What are the Long-Term Consequences of Bankruptcy?

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There’s no doubt that filing for bankruptcy can be advantageous if you have considerably more debts than you can pay. However, there are also long-term consequences. Consulting with a skilled bankruptcy lawyer such as Marty Martin Bankruptcy Law could help you out immensely if you are going through bankruptcy and need some advice or someone to help walk you through it. Let’s take a look at some advantages of bankruptcy and some of the long-term consequences. 


Filing for bankruptcy gives you the following advantages:

  • It stops creditors from harassing you for debt repayment.
  • It allows you to stop paying your low-priority, unsecured debts.
  • It stops, or at least forestalls, foreclosure of your home.
  • It stops, or at least forestalls, repossession of your vehicles.
  • If you file for Chapter 7, the court discharges virtually all of your consumer debt, including credit card debt, in about six months.
  • If you file for Chapter 13, the court allows you to renegotiate your debts, devise a repayment plan, and pay down your debts over a 3-5 year period.

Long-term Consequences

Unfortunately, your bankruptcy goes on your credit report and remains there for up to 10 years. It also substantially lowers your credit score, usually between 130-200 points. Bankruptcy can also raise your auto insurance premiums substantially. 

In addition, when you go to rent an apartment, the landlord will undoubtedly check your credit. When he or she discovers your bankruptcy, he or she may take this into consideration when deciding to approve your rental application. Keep in mind that public housing landlords cannot deny you housing based on your bankruptcy, but private landlords can. If one of them chooses to do so, however, he or she must give you an adverse action notice stating the reason for the denial, the name and contact information for the credit reporting bureau, and the fact that you have the right to obtain a free report.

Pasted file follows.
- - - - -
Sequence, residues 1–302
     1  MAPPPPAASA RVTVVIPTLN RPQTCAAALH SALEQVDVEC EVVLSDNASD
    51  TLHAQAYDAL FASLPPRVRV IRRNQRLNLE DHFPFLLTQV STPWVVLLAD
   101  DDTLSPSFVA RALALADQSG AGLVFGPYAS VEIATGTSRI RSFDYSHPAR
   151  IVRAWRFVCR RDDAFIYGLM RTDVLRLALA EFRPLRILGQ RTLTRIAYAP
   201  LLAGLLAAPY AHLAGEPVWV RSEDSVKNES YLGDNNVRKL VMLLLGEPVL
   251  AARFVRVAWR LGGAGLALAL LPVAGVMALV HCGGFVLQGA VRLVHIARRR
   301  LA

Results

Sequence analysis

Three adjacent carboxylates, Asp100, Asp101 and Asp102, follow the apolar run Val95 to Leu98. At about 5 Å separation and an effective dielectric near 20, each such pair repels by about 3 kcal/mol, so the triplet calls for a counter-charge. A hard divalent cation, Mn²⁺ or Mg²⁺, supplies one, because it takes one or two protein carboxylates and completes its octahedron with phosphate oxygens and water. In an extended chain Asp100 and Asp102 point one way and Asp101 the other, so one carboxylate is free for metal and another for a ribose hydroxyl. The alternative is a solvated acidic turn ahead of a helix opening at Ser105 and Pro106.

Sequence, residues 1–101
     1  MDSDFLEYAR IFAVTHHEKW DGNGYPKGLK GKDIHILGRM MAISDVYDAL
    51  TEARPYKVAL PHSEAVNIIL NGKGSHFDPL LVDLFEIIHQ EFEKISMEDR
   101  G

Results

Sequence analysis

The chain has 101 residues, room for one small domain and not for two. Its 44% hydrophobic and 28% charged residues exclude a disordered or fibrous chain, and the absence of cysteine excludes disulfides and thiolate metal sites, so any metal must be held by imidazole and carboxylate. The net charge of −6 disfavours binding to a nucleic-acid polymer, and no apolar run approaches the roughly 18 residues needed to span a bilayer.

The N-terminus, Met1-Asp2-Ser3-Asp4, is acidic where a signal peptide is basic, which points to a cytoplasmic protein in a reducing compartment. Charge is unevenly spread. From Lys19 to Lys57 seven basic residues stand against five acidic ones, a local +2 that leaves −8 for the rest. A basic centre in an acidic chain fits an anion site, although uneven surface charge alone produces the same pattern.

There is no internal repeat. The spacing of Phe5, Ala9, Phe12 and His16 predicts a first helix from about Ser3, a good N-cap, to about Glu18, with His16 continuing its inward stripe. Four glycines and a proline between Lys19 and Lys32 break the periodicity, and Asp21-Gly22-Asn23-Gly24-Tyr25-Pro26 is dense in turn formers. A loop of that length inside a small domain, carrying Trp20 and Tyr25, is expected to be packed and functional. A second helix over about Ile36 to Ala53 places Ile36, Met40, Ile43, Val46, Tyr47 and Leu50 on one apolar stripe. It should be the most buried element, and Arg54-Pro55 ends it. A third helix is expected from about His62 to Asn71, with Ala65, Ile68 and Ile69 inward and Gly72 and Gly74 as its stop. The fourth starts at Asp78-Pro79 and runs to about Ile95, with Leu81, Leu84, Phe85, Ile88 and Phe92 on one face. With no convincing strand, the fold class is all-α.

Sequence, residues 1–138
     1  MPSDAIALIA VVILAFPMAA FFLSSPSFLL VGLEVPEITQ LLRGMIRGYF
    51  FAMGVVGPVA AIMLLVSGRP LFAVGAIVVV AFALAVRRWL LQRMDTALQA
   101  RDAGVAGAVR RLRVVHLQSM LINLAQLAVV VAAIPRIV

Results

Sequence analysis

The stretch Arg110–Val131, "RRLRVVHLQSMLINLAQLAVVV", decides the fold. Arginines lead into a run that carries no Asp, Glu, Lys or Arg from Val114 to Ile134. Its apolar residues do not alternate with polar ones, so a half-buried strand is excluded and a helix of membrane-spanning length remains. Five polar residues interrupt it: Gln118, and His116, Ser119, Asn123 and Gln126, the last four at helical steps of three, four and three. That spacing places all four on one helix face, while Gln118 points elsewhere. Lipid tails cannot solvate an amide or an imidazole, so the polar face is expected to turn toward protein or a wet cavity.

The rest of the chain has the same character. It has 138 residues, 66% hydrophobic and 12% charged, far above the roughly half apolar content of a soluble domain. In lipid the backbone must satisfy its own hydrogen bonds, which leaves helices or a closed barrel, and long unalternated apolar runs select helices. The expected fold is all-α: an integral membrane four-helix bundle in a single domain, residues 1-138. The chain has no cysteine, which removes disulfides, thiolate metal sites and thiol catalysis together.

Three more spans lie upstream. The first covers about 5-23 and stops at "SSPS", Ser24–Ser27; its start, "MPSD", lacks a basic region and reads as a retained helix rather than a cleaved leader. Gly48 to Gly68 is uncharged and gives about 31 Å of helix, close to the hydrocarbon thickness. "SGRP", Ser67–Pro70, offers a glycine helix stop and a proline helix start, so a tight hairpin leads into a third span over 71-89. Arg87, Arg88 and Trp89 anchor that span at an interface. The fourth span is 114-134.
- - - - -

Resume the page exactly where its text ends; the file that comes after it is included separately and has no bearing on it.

Your bankruptcy can likewise pose a serious red flag when you apply for certain kinds of jobs. For instance, it might prevent you from getting a security clearance. It also will likely prevent you from obtaining any type of job that requires you to work with money. This would include, for instance, bookkeeping, accounting, and payroll jobs. If you’re already employed, however, your current employer cannot fire you simply because you filed for bankruptcy.

Perhaps the most frustrating long-term consequence of bankruptcy is that it makes it difficult, if not impossible, for you to obtain any kind of credit, at least immediately after your bankruptcy. In other words, you can expect to have to deal in cash only for all of your purchases for at least a year or so. Even then, any credit you apply for, such as a new credit card or a car loan, likely will come with a high rate of interest, assuming your credit application is approved at all.